Sunday, February 8, 2015

Creating Social Desirability

I'm trying to publish a book of personality quizzes. Well, several books actually, but I'm working on one book right now, and I need to add some more quizzes before I would try to send it to a publisher. I love writing quizzes just or the fun of it, but I also want to use my quizzes to do something very important; I want to create social desirability.

I have a very strict policy on my quizzes that I don't ever want my answers to be like, "Since you answered mostly A's, you should try be more like B." A lot of quizzes I read are like this - they push change on people who've never said they wanted to change. There are clear right and wrong answers, and a clear way that you're supposed to come out. My results are all purely descriptive, and when I do offer advice, it's based on who the person is, like "Your results show that you are very outdoorsy, so here are some outdoor activities that you might enjoy." I thought that as long as I worded the questions in a neutral way that didn't favor one result over another, I was set.

Then I gave a quiz to someone I know very well who likes to keep a lot of things for sentimental value. When asked her the question, "How many items do you keep for sentimental value?" I was sure she would say "Lots," but instead she hesitated, looking a little embarrassed, and said, "Well, I have done that, but I'm trying cut back and get rid of things, so I'll go with the middle choice of 'some.'" Now, prior to giving her quiz, she never indicated that she wanted to cut back, or that this was something she wished to change about her life.  And she did not cut back or get rid of things in the years after taking this quiz. I think she just didn't feel comfortable answering "lots" because she saw it as the undesirable choice.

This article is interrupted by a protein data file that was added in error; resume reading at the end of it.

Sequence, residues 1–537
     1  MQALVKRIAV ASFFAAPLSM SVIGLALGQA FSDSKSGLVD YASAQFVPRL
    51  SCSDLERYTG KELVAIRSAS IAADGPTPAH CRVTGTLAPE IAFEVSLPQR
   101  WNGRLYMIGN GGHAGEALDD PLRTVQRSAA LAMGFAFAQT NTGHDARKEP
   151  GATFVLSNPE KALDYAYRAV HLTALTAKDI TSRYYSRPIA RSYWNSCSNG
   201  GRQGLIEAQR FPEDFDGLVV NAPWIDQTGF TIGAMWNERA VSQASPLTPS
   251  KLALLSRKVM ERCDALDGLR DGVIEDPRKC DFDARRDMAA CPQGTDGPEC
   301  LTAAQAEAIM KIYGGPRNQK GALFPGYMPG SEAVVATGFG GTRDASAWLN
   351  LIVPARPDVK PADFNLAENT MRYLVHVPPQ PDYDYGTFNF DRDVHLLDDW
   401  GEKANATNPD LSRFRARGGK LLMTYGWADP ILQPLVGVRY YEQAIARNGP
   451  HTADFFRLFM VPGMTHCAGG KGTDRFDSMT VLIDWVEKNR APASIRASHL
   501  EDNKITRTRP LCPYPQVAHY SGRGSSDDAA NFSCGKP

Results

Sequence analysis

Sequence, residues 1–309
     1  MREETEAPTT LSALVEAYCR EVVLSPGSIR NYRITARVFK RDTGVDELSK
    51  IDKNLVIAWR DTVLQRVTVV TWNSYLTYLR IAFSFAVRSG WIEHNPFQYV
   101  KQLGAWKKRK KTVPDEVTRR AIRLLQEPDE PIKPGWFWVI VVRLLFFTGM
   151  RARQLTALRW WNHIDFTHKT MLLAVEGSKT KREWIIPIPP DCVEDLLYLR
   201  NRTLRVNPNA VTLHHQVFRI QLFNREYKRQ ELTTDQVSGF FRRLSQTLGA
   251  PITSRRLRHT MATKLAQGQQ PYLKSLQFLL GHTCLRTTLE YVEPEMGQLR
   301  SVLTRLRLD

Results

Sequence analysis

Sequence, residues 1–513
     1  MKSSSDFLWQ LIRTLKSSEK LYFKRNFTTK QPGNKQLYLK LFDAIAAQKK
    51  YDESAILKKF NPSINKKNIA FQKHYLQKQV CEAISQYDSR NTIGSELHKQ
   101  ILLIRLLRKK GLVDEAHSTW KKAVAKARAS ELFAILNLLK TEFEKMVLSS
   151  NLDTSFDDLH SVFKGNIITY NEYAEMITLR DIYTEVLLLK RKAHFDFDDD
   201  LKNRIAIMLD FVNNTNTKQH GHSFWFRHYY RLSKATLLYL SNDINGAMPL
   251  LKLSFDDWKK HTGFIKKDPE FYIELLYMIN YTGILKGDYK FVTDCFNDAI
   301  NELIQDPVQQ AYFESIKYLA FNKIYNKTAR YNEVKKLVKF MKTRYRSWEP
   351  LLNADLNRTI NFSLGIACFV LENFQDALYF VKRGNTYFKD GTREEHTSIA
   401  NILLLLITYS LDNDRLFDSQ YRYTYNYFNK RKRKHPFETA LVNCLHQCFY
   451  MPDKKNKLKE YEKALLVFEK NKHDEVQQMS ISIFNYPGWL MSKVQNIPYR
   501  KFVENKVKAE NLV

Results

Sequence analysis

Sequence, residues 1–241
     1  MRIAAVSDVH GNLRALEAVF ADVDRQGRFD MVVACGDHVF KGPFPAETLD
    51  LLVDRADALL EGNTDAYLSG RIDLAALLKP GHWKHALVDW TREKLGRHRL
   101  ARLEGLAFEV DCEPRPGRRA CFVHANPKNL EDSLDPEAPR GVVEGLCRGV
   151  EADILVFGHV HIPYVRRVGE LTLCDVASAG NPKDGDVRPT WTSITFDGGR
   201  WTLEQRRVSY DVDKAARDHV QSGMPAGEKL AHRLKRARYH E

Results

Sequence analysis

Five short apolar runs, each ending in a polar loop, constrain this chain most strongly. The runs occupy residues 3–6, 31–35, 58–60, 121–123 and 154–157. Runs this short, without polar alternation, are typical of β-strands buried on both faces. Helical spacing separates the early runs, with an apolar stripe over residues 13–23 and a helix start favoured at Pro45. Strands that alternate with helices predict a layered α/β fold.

This happened a long time ago, but I was discussing it with a friend recently and realized something: being neutral isn't enough. Wording the question in a neutral way is not enough to make people feel comfortable giving their real answers. The world is not a neutral place. It's not like the quiz question about keeping things for sentimental value was the first time that this person had stopped to think about that. She had probably experienced enough negative judgment and pressure to change that she would automatically feel judged and pressured when answering the question, even if the question itself is worded in a neutral way. I need to go beyond trying to sound neutral and leaving social desirability out. I need to CREATE social desirability in my quizzes and give it to people.

I've used this image a lot in my life: If I picture something that I hate as a racecar coming at me, I don't want to just put up a barrier between myself and the racecar to make it stop. I want to get a bigger, faster racecar to go charging at it and send it back where it came from.

It's not enough to just not be judgmental in my quizzes. I need to be judgmental back, in a way that says, "ALL of these results are perfectly fine - society can fuck off." So, I've decided that my results sections are not going to be purely descriptive anymore. They are all going to either be positive and emphasize the person's strengths, or they are going to advise the person on what will make them happy, based on their choices. So instead of saying, "You don't like large parties," I would say, "You really enjoy spending time with smaller groups of friends," or, "You really enjoy doing cool things by yourself." I'm going to be aware of what society values already and actively boost up the other results to match it. I'm going to feed people social desirability through my quiz books so that people will feel good about themselves and not feel pressured to change.

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